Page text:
TRANSCRIPT: Rebecca Reyes on Whether Her Husband Should Be Jailed for Taking Their Child to Church

REBECCA: No. It was just a Jew-- it-- we were-- it was always gonna be a Jewish wedding. We went, and we interviewed rabbis. There was no discussion that there would even be a partial Catholic component. It was always just going to be Jewish, and-- and to be candid, Joseph is absolutely entitled to be Catholic. But if he had wanted to be Catholic in the marriage, I just wouldn't have gotten married. Not because he's not allowed to be Catholic, but that's just not the life that I wanted. That's just one of the criteria that I had for a life partner, was, it's important to me to be Jewish. So, I would've said, "I love you, and this is wonderful, but this-- this isn't going to work. You're absolutely entitled to be Catholic, but I really want to be Jewish, 'cause I'm Jewish."

CUOMO: And did you want him to convert?

REBECCA: No, I didn't care.

CUOMO: As long as the lifestyle and the way that the big events went in your life were Jewish, according to that culture and faith, you were okay with it?

REBECCA: As far as I was concerned, he decided whether to be Jewish or not.

CUOMO: He did? This was his decision?

REBECCA: Oh, yes, but I mean-- I mean in terms of what you believe in yourself. I didn't need a ceremony to-- to decide that he was Jewish. If he wad deciding for himself to be Jewish, and we were having-- and-- and-- and-- and this is the Jewish home that we were building, it was immaterial to me whether we had a piece of paper that said he was Jewish or not.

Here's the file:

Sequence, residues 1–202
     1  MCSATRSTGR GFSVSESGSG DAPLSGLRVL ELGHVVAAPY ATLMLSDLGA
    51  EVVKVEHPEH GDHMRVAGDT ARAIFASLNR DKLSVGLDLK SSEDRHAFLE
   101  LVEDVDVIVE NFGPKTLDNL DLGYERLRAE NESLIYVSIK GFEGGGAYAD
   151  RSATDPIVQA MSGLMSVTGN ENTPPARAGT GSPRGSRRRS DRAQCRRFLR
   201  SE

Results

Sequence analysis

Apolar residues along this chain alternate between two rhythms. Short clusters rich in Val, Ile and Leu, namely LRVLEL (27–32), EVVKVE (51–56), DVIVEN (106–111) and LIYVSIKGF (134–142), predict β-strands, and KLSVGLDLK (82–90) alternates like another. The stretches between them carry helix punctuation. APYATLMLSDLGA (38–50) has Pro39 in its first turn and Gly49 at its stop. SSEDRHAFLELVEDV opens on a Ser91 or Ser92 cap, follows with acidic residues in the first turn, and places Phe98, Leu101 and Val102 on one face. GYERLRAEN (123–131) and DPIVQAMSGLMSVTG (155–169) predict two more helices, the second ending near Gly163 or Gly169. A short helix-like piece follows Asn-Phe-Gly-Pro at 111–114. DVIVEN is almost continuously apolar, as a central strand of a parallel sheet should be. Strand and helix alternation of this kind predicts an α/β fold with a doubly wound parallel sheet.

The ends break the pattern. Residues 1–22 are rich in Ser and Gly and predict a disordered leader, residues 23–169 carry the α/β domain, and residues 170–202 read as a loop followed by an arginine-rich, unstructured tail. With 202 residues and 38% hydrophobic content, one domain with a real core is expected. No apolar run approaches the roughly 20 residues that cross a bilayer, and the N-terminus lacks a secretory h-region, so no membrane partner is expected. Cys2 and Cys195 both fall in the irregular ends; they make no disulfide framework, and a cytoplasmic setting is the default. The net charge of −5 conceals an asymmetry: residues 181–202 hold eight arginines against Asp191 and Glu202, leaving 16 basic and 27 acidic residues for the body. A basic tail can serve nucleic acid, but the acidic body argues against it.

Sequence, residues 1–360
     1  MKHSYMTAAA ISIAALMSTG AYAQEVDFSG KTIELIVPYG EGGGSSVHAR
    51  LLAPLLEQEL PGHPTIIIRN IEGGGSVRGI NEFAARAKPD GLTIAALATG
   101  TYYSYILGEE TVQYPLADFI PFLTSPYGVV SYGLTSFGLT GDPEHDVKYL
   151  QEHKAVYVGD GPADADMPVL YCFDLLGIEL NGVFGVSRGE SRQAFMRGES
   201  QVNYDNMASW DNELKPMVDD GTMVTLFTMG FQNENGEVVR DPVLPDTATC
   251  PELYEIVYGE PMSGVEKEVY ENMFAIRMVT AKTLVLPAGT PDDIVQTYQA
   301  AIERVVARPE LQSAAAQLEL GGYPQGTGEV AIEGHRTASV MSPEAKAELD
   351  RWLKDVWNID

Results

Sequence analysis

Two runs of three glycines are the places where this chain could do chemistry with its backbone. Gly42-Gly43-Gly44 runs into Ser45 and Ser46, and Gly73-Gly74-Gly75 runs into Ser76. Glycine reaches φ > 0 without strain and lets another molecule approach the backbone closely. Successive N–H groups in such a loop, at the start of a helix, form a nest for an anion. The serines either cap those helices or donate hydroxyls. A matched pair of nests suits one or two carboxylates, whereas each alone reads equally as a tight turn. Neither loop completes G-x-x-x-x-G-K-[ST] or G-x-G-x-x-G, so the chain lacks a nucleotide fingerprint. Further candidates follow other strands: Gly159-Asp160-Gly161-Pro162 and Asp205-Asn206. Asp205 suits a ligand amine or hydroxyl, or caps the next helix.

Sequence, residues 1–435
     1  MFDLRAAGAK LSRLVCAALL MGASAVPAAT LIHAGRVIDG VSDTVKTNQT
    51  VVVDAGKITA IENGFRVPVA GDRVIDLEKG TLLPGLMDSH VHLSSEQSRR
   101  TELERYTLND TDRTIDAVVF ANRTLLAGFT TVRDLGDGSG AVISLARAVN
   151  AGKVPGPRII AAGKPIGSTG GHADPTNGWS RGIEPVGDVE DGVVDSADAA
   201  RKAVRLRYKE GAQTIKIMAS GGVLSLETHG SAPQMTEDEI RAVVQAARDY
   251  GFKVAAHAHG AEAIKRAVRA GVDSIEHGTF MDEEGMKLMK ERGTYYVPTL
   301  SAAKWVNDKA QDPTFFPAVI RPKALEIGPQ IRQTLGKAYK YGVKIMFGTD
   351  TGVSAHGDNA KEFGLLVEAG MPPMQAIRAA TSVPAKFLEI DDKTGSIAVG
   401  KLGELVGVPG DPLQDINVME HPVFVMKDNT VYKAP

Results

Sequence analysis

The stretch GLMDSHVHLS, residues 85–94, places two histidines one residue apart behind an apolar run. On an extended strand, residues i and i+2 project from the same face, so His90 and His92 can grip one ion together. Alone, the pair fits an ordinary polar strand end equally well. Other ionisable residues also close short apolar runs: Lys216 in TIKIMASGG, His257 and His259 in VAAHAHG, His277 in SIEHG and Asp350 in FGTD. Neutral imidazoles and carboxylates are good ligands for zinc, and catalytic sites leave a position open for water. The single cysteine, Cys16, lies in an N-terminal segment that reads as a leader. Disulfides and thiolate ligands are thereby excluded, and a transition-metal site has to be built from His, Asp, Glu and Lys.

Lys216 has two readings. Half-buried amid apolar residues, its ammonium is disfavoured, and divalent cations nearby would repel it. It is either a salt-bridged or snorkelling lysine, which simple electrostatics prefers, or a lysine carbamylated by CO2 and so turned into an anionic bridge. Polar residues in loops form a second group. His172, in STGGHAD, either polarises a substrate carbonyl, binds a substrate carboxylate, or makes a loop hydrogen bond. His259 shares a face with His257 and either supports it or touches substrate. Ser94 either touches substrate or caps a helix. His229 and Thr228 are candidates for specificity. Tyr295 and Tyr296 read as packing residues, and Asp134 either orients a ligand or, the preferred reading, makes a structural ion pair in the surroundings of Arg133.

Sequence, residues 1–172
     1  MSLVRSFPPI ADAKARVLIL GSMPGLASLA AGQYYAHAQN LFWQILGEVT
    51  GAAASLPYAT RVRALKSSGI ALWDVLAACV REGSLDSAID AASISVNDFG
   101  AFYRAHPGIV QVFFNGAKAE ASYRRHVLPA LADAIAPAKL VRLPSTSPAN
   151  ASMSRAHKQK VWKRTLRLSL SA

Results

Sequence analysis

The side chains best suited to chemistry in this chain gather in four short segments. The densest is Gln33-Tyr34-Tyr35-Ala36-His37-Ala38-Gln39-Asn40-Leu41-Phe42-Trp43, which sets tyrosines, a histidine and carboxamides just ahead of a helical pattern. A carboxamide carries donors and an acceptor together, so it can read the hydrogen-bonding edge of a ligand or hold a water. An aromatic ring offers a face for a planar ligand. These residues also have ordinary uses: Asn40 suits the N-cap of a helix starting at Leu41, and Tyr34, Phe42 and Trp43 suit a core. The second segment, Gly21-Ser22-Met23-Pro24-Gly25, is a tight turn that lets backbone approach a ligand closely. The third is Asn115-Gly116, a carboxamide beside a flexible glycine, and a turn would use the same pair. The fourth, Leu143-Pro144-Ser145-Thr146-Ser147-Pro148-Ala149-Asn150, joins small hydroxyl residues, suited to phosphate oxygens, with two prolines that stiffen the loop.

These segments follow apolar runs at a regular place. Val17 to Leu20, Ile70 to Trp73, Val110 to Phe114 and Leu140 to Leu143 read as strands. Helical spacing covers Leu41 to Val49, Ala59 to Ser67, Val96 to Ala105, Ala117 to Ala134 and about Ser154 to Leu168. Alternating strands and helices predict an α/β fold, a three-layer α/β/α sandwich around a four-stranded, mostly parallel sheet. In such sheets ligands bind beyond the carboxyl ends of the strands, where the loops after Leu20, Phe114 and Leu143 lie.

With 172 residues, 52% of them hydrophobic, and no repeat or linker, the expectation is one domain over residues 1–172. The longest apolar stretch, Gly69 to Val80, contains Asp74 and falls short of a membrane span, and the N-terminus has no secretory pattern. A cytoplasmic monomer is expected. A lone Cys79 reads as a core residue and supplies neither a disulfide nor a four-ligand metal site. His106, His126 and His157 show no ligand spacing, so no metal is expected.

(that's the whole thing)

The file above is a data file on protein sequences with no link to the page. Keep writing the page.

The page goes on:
CUOMO: So, it was important to you that he become Jewish, at least in his head and his heart?

REBECCA: That he dec-- that-- that-- that was a choice that he made, absolutely. And if it wasn't a choice that he was willing to make, that's fine. It's just-- he just couldn't-- we just couldn't be together.

CUOMO: Did your parents like him?

REBECCA: My parents had problems with Joseph, from the very beginning.

CUOMO: Why?

REBECCA: Because they didn't see him treat me very well. It had nothing to do with whether he was Jewish or not, he could've been Orthodox Jews-- an Orthodox Jew, it wouldn't have made any difference. All that they wanted was for him to be good to me. And they didn't see him be good to me.

CUOMO: Were they right?

REBECCA: I didn't think so.

CUOMO: Were you wrong?

REBECCA: I don't know. We-- it-- it turned into a toxic relationship. By the end, it was a-- a-- a-- a poisonous home. And that's why I left. But, at the time, I made the right decision for me. And it didn't make them happy, and--

CUOMO: Did they have facts? Did they point to things? Or was it just a feeling, "I don't like the way he looks at you. I don't like the way he talks to you." What was it?

REBECCA: That's not-- that's not really the conversation that we had. I'd made a decision. When I made that decision, they respected that decision. But they-- they didn't like him. If they didn't like him, it was because they didn't see him treat me well. It had nothing to do with Judaism. It had nothing to do with how we practiced Judaism. They would've loved anybody who treated me well, and then Ela.

CUOMO: The idea that Joseph converted to Judaism to please your parents, so they would accept him, fair?

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